Bomb blasting and their Psychological effects on people
As the world is progressing the need of land, resources, and race of life is increasing. Therefore, people are struggling more with the occupied area and the natural fossils, consequently to achieve these targets weapons are being developed. One of the fatal of them is BOMB. Since the World War I and II the fear of bomb is created in the minds of people. Deadly weapons are being used now to conquer the land and to show one’s power on the other. On the other hand, ISIS and Taliban are the terrorist organizations and they are also using these mortal weapons and killing thousands of innocents.
These deadly weapons are not killing the people, they are polluting the environment and at the same time affecting those as well who are injured and just witness these events. After any of the bomb blast, the radiations are released which have negative energies in them and they spread in the environment. The chemicals and material used in these weapons are so harmful even to those who are far away from the blast site. These chemicals spreads in the air and the researcher has provided the evidence that the areas where the bomb blasts are more frequent, the people were followed by the onset of acute radiation symptoms, such as epilation (hair loss), bleeding, and diarrhea, even in those who previously appeared unhurt. The use of explosive weapons in populated areas causes death and destruction, devastating families and communities. Improvised explosive devices, mortars and other explosive weapons destroy families, homes, workplaces and public spaces.
In addition to causing serious physical harm, their use can also result in significant psychological distress. A research was carried out by Cooperative Japan- US Research Organization and they stated in their report that in “1950s, psychiatrists in Hiroshima and Nagasaki reported increased complaints among a bomb survivors of neurotic symptoms, including general fatigue, amnesia, and lack of concentration as well as other symptoms commonly associated with autonomic nerve imbalance, such as palpitation or a sense of burning or chill”.
A blast is often unexpected which causes huge devastation. Being present at the moment of an explosion is a highly stressful event for those who survive or witness the blast. As well as suffering from acute stress, there are also long-term mental health risks for anyone involved, including for the family members and loved ones of those killed or injured. This is the case whether the attack is an isolated incident or part of a longer-term pattern of explosive weapon use.
Most of all at risk are children, who will experience the effects long after an incident. Experiencing psychological trauma has a significant impact on their cognitive, emotional and social development. In the year 2014, in Pakistan, there was a terrorist attack in Army Public School Peshawar. The students of that school are still facing the trauma and fear of that event. It had been very difficult for many of them to go back to the same school, to sit in the same classes or even some feared of going to any of the place unguarded. This is how these events affect badly on a person’s mind.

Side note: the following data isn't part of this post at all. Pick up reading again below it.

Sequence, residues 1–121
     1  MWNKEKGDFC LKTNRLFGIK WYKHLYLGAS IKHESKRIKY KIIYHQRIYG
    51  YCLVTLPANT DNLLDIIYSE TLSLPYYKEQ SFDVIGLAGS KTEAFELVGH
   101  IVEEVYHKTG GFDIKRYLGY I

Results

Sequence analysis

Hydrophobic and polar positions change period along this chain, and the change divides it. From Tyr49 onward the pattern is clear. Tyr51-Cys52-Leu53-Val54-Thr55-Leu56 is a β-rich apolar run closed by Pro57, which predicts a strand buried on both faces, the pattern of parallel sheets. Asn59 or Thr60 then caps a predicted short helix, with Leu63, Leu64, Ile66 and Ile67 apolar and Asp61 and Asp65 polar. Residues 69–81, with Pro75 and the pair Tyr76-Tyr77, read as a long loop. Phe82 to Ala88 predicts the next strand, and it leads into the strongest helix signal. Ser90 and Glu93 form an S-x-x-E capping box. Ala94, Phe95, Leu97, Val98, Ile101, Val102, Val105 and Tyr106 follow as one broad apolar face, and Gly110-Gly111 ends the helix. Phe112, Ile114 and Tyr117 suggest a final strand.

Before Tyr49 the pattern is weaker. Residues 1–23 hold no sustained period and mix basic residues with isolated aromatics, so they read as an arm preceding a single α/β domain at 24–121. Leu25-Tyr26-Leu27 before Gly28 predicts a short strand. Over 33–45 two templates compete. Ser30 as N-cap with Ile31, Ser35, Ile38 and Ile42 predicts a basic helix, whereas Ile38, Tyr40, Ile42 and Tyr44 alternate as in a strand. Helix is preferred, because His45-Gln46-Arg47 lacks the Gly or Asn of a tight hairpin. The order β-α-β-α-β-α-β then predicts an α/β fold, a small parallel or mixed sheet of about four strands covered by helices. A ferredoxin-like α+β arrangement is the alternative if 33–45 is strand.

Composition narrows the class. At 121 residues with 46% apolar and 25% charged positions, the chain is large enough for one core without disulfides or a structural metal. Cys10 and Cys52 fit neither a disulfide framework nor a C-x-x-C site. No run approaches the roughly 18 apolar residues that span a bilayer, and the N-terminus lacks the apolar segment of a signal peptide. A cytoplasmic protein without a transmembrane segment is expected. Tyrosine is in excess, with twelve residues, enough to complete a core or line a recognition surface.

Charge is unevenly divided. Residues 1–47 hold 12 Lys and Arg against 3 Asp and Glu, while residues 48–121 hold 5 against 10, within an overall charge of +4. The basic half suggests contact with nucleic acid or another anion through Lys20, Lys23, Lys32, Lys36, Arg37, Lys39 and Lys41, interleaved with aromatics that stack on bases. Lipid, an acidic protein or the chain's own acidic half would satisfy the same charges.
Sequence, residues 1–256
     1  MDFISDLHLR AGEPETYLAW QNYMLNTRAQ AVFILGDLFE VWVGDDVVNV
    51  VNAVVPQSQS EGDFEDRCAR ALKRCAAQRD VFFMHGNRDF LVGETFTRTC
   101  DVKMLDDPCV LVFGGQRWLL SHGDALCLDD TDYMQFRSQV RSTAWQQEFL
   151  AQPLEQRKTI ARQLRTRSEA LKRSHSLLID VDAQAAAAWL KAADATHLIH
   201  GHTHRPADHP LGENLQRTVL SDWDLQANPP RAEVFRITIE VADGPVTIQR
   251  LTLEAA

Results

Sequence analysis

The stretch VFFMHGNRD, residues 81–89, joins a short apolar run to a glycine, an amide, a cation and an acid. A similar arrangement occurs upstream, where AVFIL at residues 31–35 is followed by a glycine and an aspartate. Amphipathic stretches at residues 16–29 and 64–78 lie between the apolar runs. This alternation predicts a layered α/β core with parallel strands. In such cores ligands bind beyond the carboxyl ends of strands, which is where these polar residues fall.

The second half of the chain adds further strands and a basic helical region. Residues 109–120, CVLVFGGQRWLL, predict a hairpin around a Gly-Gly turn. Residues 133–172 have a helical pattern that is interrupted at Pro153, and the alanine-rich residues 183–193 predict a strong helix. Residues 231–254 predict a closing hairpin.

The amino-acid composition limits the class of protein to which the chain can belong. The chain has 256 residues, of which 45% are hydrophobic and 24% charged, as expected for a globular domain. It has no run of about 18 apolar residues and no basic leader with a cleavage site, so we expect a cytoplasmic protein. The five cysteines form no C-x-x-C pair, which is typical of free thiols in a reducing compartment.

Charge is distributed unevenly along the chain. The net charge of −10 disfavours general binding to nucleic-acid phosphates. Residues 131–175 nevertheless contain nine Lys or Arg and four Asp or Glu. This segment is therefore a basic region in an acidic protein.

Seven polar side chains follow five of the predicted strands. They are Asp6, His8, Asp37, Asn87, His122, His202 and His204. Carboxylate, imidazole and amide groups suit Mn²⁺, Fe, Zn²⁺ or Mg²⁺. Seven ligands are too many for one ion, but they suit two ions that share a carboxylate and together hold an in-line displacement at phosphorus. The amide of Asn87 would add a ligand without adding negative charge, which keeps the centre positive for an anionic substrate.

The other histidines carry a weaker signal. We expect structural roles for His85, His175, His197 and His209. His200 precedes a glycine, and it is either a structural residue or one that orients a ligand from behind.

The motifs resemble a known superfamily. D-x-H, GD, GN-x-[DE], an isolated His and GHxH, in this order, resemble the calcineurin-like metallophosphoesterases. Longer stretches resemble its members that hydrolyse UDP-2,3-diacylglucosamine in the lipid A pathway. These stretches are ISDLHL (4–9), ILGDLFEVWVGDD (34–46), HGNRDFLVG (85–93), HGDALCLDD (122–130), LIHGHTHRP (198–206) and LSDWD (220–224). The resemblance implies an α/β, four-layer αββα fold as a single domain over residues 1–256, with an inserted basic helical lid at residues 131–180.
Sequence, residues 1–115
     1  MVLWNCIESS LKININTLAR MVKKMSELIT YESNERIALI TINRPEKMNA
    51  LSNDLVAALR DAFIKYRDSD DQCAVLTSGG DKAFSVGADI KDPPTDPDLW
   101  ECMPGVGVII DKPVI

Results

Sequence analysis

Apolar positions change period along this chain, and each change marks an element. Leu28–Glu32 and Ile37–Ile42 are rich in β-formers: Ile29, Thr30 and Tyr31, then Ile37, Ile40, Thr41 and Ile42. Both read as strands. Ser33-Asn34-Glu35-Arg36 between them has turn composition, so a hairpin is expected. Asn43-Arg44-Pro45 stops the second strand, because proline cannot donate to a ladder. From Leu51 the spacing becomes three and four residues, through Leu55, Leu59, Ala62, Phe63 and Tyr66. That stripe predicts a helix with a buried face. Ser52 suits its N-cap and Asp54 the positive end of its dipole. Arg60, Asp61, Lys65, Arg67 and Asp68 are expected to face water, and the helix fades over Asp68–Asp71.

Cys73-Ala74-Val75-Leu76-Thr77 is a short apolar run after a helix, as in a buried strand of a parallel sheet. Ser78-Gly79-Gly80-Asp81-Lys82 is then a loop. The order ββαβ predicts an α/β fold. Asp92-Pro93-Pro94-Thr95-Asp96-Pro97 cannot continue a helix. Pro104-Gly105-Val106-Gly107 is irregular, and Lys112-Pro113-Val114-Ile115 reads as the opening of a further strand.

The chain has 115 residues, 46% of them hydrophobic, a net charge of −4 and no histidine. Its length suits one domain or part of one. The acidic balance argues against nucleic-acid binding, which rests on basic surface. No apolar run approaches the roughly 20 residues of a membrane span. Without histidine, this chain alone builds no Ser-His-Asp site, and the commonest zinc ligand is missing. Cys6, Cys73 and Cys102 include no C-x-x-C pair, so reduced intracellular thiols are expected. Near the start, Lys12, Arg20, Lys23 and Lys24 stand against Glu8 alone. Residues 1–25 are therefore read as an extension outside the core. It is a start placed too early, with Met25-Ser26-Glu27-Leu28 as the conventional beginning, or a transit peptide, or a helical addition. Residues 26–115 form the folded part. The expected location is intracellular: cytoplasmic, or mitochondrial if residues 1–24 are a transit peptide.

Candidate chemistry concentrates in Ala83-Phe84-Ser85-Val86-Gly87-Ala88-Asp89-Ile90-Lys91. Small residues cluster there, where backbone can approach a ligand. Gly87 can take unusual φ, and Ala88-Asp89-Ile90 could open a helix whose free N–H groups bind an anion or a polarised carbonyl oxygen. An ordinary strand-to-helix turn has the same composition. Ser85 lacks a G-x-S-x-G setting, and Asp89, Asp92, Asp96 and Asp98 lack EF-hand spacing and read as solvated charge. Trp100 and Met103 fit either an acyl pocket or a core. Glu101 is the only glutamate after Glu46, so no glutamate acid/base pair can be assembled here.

Claudia (2014) writes that surviving a blast without a physical injury doesn’t mean avoiding the risk of psychological trauma, as “severe mental health impacts can also be caused. The wider community is also at great risk of psychological harm as a result of the use of explosive weapons in a populated area. According to a World Bank report on mental health and conflict, “in every population, 1-3% have a psychiatric disorder. Where conflict is present, the number may increase due to, alcoholism/drug abuse and depression arising from conflict-related stress. Following a traumatic event a large part of the population may suffer nightmares, anxiety, and other symptoms of stress.”
David et al., 2005done a descriptive study on African pregnant women after the blast and provided the evidence for an association between anxiety and psychological stress in pregnant women and childhood maladaptation in their offsprings who were in utero at the time of the anxiety/stress.
In conclusion, we can say that the devastating weapons and bombs cause everlasting effects on the people who survive it. A-bomb survivors can show various psychological behaviors such as becoming upset, experiencing an increased sense of unresponsiveness and immobility, and feeling guilt and discouragement in addition to demonstrating such physical symptoms as dizziness, unconsciousness, headache, and nausea.
The writer is a student at The University of Lahore.